September 16, 2014
If you look closely at helmets with graphics, you’ll notice that most helmet makers choose designs that are simple, often even childish, and cover only a small portion of the helmet.
But over the years (7, to be exact) that Nutcase has been designing helmets, we’ve gone deeper and deeper into the complex world of creating great all-over helmet graphics, and then translating them onto spheres.
It’s a fine art, as unless helmet graphics are individually hand painted (as they are on the City Series) they consist of decals that must be painstakingly hand applied to a helmet’s shell during manufacture, and then sealed under tough plastic coating.
Thus the larger and more detailed the design and the decals are, the more difficult it is to successfully apply them (and align them) on a helmet’s round shape.
The reason it is difficult is basic: most artists and designers create their designs in two dimensions – pencil, paintbrush, charcoal, acrylic pen or mouse strokes are lovingly placed onto a flat screen or canvas.
But helmets, and especially our organically round, ‘brain bucket’ style, are spherical, and not even evenly spherical. When you try to wrap a flat 2D design onto this irregular 3D form, you can lose important pieces of the visual, due to the wraparound effect.
One way to avoid this is to work with designs that can be fairly easily divided into multiple simple decals – a strip of design, let’s say stripes, running from the front of the helmet to the back, flanked by two further design pieces on either side of the helmet. Fly Boy Gloss is a great example of this – clean, crisp front-to-back stripes, and variously-sized stars on the helmet’s sides.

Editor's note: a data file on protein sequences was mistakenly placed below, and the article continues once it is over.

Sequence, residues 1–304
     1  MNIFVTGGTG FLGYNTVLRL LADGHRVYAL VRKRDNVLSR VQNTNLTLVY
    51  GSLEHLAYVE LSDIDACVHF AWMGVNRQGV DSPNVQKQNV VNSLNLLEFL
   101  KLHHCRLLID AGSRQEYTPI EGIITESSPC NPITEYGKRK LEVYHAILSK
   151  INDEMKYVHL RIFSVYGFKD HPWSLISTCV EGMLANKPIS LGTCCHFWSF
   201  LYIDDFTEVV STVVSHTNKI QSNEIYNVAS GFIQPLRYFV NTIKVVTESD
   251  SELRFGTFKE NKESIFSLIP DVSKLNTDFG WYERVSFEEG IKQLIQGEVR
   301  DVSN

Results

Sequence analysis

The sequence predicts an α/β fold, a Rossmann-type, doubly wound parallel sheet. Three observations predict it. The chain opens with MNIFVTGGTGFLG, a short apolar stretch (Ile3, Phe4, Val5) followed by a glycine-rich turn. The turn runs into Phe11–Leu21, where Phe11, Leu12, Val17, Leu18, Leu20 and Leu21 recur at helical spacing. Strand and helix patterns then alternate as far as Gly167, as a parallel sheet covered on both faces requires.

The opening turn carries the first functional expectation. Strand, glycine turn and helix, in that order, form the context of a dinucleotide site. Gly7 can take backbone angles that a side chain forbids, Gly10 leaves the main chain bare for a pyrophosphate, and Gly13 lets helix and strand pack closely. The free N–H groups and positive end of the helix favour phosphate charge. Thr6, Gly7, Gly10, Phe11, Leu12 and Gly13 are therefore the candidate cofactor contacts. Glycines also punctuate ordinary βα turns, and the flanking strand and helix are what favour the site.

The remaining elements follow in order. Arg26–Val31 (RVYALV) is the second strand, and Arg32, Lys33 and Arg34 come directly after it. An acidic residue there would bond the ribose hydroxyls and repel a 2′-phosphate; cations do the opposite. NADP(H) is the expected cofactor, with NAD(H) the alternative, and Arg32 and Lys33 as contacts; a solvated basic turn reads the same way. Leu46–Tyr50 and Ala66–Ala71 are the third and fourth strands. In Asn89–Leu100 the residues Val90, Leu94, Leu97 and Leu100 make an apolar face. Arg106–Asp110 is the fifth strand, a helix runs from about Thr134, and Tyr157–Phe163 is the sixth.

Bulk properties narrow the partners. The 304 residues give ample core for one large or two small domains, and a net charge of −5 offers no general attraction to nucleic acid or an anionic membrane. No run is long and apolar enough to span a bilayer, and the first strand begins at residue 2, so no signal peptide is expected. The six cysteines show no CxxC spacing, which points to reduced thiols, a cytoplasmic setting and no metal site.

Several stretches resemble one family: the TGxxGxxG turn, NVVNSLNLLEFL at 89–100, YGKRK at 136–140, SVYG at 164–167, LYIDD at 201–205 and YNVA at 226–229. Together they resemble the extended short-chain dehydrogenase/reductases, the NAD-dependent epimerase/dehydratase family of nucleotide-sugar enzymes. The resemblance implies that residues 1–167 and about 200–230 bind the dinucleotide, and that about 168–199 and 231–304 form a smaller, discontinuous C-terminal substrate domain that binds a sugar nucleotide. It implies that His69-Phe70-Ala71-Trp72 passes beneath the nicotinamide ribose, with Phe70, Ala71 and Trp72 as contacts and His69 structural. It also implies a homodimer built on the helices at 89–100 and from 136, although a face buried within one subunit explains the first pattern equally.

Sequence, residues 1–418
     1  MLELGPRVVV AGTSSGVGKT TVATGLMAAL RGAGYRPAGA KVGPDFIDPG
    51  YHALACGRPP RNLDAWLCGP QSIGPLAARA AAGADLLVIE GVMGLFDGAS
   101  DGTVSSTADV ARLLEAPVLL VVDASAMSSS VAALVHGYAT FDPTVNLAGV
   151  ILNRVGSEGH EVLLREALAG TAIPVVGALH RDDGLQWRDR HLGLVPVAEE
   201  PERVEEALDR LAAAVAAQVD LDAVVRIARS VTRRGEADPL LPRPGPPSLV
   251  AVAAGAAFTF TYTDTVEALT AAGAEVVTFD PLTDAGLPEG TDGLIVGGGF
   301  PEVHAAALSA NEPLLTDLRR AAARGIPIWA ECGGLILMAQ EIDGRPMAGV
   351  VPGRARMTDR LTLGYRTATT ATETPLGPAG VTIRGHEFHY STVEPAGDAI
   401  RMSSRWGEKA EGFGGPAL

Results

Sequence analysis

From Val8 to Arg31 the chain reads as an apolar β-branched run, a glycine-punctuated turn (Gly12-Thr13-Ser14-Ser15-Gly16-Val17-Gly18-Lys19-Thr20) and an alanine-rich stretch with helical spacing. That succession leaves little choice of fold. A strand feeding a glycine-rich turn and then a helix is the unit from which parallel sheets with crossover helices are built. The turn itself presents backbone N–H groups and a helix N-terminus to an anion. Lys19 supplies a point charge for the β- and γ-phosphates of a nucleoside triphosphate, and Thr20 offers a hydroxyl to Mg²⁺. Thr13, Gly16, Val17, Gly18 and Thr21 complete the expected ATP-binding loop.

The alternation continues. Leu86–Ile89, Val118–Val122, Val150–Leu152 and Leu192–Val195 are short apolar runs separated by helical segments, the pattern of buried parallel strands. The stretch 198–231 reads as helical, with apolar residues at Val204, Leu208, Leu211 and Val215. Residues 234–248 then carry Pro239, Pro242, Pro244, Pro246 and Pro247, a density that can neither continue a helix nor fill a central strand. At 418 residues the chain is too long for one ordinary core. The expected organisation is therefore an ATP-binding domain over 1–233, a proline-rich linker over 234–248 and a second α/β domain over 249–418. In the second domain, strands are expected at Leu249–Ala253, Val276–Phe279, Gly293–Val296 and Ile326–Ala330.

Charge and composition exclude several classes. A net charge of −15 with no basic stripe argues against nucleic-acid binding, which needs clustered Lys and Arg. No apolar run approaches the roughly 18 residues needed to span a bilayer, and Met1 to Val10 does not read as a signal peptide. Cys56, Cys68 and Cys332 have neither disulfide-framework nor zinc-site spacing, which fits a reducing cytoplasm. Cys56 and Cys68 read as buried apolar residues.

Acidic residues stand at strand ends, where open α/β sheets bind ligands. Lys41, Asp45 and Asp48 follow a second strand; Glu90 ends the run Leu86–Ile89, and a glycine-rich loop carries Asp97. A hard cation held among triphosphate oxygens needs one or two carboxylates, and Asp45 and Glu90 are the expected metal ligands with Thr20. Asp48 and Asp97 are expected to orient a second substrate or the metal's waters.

But even designs that may look simple, like our popular Mini Dots helmet, in reality can present great challenges. With the Mini Dots helmet, placement is everything, as the human eye will notice if the dots are not equally spaced over the entire round surface of the helmet. Mini Dots requires multiple decals precisely placed to make the dots look good and achieve equal-spacing placement.
In order to successfully visualize how a particular graphic will lay on a helmet in the design phase, Nutcase graphics and design master David Kruger has developed a special template that is used for prototyping.
Kruger developed the template using a helmet form, a simple laser, and plastic sandwich wrap. By wrapping the form in the stretchy clear plastic, he could employ Sharpie markers and laser lights to create a grid. Kruger then scanned the sandwich-wrap grid and imported it into Adobe Illustrator.
“It’s not perfect. The wrap still wrinkles a bit. It’s something we have tweaked and will continue to tweak,” Kruger said.
But the template helps us visualize how decals must divide a particular design, and makes the prototyping process shorter. That’s good, for as Nutcase has evolved, our graphic designs have gotten richer, more colorful, and more complex.
For our team, the holy grail of helmet graphics is photo-realistic designs. As we’ve worked with artists on the Artists’ Series, and will continue to add new helmet shapes – such as Metroride and Baby Nutty – we have to keep perfecting the transference of 2D art to 3D shapes.
“The ultimate goal, from a graphics perspective, is to produce a full-coverage design with something like a continuous photograph over the entire helmet, knowing that the decal is in pieces, but that visually it is so convincing that you’d never notice.” Kruger said.
Coming up in Part II: Helmets and Art: the Sky Is the Limit